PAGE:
• In-person walkthroughs to set the scene and ready cameras
  • Lighting and other production gear
  • Virtual walkthroughs on the virtual event platform to teach remote attendees how to navigate the space

Will the event require attendees to have certain materials? If so, send event packages to distributed attendees beforehand. Make sure everyone is on the same page and has what they need to participate before the event begins.

Keep in mind that hybrid events will have many different models: 1-to-1, 1-to-many, and many-to-many. Therefore, they will require variances in the structure around how they are clustered and organized.

  • Are there cohorts that are together and how does that impact design?
  • How many facilitators are needed and how will they work together? (More on this in Hybrid Facilitation).
  • Similar to hybrid meetings, how will you bring people together when some are together and some are dispersed? 

Map out your event so you can consider the attendee experience. As you experiment with different event structure variations, be mindful of the trap to cater events to the in-person experience and unwittingly neglect the remote experience. We have to custom-design events for the type of collective interactions and equanimity we want to create. To do this, we must keep social norms top of mind. For example, we can’t throw all in-person attendees in a bar and expect them to go across the room to the camera in the corner and engage with remote people. It just doesn’t work. If we design against social norms, we fight against them. Instead, use them to your advantage.

Consider offering different tiers for your event with different expectations. What is your version of “exit through the giftshop”– a practice used by museums to force all guests through the gift shop?  Here are some examples:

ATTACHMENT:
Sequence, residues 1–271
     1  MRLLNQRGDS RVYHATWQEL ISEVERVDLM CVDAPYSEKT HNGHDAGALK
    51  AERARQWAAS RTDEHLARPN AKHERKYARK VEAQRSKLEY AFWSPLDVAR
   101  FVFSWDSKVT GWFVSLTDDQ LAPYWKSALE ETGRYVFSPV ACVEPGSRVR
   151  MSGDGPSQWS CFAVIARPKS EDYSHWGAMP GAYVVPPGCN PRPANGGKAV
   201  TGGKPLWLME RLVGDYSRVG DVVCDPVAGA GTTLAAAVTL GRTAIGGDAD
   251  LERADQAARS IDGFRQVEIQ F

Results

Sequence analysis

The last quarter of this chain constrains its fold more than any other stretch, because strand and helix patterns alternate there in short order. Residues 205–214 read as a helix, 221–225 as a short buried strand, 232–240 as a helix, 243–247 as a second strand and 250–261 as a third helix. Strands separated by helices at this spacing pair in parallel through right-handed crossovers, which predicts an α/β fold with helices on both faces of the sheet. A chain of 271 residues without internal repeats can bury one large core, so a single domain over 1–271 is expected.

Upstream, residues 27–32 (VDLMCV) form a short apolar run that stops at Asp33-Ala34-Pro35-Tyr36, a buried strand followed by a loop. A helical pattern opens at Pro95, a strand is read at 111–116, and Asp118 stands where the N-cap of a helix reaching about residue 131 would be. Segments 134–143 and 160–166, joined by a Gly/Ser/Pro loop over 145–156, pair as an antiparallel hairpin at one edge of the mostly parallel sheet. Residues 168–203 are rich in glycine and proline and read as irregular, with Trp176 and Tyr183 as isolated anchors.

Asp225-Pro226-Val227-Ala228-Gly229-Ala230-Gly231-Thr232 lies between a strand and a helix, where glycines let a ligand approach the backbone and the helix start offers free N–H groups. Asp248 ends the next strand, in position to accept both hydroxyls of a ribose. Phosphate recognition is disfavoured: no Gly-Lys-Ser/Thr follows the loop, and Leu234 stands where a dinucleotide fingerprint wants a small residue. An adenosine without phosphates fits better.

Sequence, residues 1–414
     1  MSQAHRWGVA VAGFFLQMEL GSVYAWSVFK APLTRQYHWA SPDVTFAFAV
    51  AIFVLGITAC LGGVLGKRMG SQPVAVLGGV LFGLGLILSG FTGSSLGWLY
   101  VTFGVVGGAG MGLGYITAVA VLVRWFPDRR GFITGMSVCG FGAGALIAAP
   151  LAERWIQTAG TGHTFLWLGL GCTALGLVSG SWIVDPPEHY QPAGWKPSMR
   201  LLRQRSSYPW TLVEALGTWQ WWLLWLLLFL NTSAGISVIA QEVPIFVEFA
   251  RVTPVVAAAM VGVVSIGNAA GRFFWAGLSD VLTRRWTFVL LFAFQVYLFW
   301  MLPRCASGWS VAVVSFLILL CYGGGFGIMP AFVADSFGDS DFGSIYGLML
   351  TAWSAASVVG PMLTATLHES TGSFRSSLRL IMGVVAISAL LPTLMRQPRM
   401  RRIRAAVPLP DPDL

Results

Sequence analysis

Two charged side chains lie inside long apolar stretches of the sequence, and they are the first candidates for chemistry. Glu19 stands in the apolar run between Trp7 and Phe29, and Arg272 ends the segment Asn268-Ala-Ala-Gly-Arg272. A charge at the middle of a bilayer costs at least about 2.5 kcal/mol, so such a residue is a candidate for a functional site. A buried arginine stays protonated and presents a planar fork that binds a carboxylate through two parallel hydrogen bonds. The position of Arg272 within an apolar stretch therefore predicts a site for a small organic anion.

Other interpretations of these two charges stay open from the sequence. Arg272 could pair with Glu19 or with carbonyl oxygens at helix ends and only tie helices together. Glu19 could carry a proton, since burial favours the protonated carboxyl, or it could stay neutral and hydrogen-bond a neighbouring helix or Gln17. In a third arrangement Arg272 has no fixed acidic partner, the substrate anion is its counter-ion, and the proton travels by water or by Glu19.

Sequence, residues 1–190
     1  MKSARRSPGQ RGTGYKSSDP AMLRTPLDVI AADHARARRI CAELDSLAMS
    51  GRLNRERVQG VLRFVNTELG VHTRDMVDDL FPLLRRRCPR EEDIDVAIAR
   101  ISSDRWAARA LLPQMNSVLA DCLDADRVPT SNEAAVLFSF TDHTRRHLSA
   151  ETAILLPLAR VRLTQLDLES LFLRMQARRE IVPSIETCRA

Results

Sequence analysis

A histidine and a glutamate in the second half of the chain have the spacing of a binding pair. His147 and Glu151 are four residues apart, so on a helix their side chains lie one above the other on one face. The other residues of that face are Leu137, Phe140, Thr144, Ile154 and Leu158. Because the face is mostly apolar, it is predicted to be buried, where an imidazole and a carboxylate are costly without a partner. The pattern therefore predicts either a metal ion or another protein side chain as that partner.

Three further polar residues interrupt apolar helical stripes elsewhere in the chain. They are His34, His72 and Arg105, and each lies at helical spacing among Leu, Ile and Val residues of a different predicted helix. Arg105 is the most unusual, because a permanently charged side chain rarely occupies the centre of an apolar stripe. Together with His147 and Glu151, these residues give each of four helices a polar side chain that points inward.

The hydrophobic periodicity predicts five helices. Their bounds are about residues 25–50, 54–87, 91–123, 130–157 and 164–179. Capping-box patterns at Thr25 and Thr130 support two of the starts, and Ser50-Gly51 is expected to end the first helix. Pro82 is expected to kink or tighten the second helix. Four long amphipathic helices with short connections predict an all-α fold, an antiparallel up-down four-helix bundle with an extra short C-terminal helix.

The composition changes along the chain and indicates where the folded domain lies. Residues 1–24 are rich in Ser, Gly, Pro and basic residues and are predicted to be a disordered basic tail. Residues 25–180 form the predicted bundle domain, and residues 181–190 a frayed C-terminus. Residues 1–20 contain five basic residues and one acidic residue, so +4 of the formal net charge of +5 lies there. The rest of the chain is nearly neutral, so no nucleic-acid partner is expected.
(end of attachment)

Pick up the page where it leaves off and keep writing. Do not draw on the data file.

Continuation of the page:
• Implement a fun game that requires in-person attendees to find answers or engage with other attendees upon arrival in order to make it past registration. Some of these people might be online, some may be in person. Individuals must interact with one another and the tools–think finding the person’s video on Zoom + their designated spot in the event MURAL board (or some other point of engagement)–to find the answers to unlock access.
  • Pair each event attendee with someone, or multiple people, that they have to locate and connect with throughout the event. Pair folks who might have things in common, or might be well suited to work together or learn from one another. Design in moments of interaction where they might discuss prompts or share experiences and reflections.  

Start Experimenting

If a hybrid event speaks to you and your organization, give it a try! Remember, there is no one size fits all way to do it. Even within an organization, different teams work differently. This article is merely meant to offer suggestions about things you can do to run your own hybrid event. Choose what works best for you. 

Hybrid is always changing, it’s about exploring options that exist now and even the ones that don’t exist yet. Stay curious and keep the needs of your organization top of mind. Hybrid events could end up being an asset in a permanent hybrid work environment or as their own entity within your organization. 

Want to learn more about hybrid?